Irish Soda Bread for St. Patrick’s Day

Irish soda bread is one of my favorite baked goods and one of my favorite traditions in baking. Just as Christmas cookies belong to Christmas, Irish soda bread belongs to St. Patrick’s Day. I bake it once per year. If you work with me, you’ll probably get a slice of bread every year. My mom would bake one or two loaves per year and we girls would gobble it up with breakfast, or as a snack, or as dessert. I recall having a hard time getting the batter to stick entirely. It took quite a few years of practice before mixing the ingredients wasn’t an entire arm workout. Practice makes perfect.

What is the origin of Irish soda bread? Soda bread is a traditional bread baked in poorer countries, and was very common during the Irish potato famine. The Irish didn’t invent it, but they’re known for it. The traditional recipe calls for basic ingredients: flour, baking soda, soured milk, and salt. The baking soda took the place of yeast. Loaves were baked on the griddle of an open hearth. The traditional cross in the loaf made before baking was to ward off the devil and protect the household. (Read more here.)

The recipe that my mother and grandmother passed on to us girls is not exactly traditional. Our recipe calls for sour cream, baking powder, sugar, and raisins. However, it’s tradition to me.

Happy St. Patrick’s Day!  

St. Patrick’s Day

The nation turns green today – food, drinks, clothing, rivers – and we feast on Irish Soda Bread, corned beef & cabbage, and perhaps have a drink or two, and wish each other Irish blessing. While we do this, it is important to remember that the Irish were among the waves of immigrants to New York who toiled for low wages, lived in sordid conditions, and struggled on a daily basis to make end’s meet and to make the lives of their children and grandchildren better than their own. Let’s be grateful to everyone who fought so hard, and respect those who continue to fight hard for better lives ahead. Are you Irish? Where from? With a name like O’Shea, I can’t hide the Irish (not that I would!)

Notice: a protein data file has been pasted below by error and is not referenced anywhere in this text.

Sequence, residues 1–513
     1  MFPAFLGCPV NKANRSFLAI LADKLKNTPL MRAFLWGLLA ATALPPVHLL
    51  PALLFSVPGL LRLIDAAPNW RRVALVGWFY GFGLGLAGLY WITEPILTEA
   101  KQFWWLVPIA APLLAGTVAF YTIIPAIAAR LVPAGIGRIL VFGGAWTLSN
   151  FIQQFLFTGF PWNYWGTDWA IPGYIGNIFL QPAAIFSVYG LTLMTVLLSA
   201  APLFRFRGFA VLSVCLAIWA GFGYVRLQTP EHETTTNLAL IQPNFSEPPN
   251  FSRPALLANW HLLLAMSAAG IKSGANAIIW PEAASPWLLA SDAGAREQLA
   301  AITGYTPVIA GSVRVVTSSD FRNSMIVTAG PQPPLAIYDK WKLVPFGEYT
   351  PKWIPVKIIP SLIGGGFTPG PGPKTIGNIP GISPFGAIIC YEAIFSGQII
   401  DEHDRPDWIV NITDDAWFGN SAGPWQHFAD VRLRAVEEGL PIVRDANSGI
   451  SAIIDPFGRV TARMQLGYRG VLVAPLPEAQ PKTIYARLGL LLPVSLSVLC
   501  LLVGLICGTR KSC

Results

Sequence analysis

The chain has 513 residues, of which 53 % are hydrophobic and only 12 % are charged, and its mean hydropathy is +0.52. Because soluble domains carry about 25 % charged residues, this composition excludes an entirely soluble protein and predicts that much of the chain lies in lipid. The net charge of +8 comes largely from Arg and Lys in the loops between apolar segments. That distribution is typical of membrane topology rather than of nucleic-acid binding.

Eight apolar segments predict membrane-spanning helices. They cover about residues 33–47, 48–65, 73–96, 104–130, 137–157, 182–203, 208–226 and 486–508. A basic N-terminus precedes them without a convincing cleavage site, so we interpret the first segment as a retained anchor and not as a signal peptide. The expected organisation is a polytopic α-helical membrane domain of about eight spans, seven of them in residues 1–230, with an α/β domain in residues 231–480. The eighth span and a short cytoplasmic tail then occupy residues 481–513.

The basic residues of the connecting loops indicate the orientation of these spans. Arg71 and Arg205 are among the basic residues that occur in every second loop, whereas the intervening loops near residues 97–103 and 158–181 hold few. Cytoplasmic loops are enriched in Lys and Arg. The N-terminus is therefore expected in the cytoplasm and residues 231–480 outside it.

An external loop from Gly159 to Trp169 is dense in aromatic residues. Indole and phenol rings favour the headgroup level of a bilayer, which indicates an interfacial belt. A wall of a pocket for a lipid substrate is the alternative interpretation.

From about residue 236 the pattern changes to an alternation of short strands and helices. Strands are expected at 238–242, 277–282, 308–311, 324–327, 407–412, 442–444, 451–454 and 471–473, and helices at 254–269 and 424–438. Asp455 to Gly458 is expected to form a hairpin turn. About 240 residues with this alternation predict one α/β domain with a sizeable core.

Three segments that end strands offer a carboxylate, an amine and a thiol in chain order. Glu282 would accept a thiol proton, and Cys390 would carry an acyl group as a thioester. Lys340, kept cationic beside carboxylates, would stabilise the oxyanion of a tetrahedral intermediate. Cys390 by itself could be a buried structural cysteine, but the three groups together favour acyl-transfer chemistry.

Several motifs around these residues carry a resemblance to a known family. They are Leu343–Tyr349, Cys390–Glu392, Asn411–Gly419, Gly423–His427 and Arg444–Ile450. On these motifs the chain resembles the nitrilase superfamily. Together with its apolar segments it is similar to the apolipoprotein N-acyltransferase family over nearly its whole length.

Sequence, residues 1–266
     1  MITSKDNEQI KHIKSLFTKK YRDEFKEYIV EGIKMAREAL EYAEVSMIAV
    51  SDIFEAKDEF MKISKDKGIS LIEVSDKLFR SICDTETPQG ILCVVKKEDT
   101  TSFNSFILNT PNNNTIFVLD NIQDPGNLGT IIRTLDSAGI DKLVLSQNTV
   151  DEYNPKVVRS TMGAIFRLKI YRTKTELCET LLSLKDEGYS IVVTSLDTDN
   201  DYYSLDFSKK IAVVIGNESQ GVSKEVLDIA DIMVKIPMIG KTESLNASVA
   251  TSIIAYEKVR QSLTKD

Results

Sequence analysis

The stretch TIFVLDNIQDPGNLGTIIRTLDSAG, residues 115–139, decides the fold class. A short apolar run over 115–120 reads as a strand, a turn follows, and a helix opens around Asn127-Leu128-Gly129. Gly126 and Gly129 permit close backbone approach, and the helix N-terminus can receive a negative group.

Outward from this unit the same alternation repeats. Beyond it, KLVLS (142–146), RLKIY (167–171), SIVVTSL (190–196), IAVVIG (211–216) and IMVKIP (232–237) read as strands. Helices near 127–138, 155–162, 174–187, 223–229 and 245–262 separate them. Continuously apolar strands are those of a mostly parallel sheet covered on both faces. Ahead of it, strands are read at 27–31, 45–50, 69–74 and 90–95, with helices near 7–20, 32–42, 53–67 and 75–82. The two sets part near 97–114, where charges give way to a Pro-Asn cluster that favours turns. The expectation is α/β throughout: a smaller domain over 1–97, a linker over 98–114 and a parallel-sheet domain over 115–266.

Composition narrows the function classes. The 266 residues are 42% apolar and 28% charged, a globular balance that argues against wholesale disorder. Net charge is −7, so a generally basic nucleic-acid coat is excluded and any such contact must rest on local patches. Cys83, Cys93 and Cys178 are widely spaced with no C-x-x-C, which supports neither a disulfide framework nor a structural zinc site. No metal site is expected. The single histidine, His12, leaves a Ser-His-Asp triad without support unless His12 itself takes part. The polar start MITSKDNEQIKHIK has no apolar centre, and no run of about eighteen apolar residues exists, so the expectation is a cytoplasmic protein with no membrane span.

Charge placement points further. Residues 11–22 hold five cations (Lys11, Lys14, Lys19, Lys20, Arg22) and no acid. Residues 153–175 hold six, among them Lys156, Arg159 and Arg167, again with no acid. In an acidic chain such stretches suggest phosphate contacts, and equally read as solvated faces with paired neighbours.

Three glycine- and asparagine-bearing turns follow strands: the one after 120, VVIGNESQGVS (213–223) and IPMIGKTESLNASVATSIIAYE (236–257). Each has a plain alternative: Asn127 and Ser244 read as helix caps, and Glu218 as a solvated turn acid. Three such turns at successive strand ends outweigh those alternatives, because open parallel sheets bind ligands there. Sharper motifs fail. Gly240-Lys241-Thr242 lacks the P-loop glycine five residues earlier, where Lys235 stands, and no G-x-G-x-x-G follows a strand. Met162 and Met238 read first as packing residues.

Previous St. Patrick’s Day posts on PiP: Irish Soda Bread & A brief history of St. Patrick’s Day & an Irish blessing.

 

 

Happy St. Patrick’s Day!

An old Irish blessing for you today:

May love and laughter light your days,

and warm your heart and home.

May good and faithful friends be yours,

wherever you may roam.

May peace and plenty bless your world

with joy that long endures.

May all life’s passing seasons

bring the best to you and yours!

May you have the luck of the Irish today! Need some Irish architecture? Check out the Buildings of Ireland – National Inventory of Architectural Heritage or the Irish Georgian Society.

Irish Soda Bread

Happy St. Patrick’s Day! And it’s finally the time of year for Irish soda bread. According to the Society for the Preservation of Irish Soda Bread, if you think you’re eating “traditional” Irish soda bread, you’re probably not. And if it has raisins, then it’s definitely not “soda bread.” And soda bread made only date to the mid 1900s. The original, traditional recipes contain four ingredients: flour, baking soda, buttermilk, and salt (nothing else)!  It certainly does not include yeast.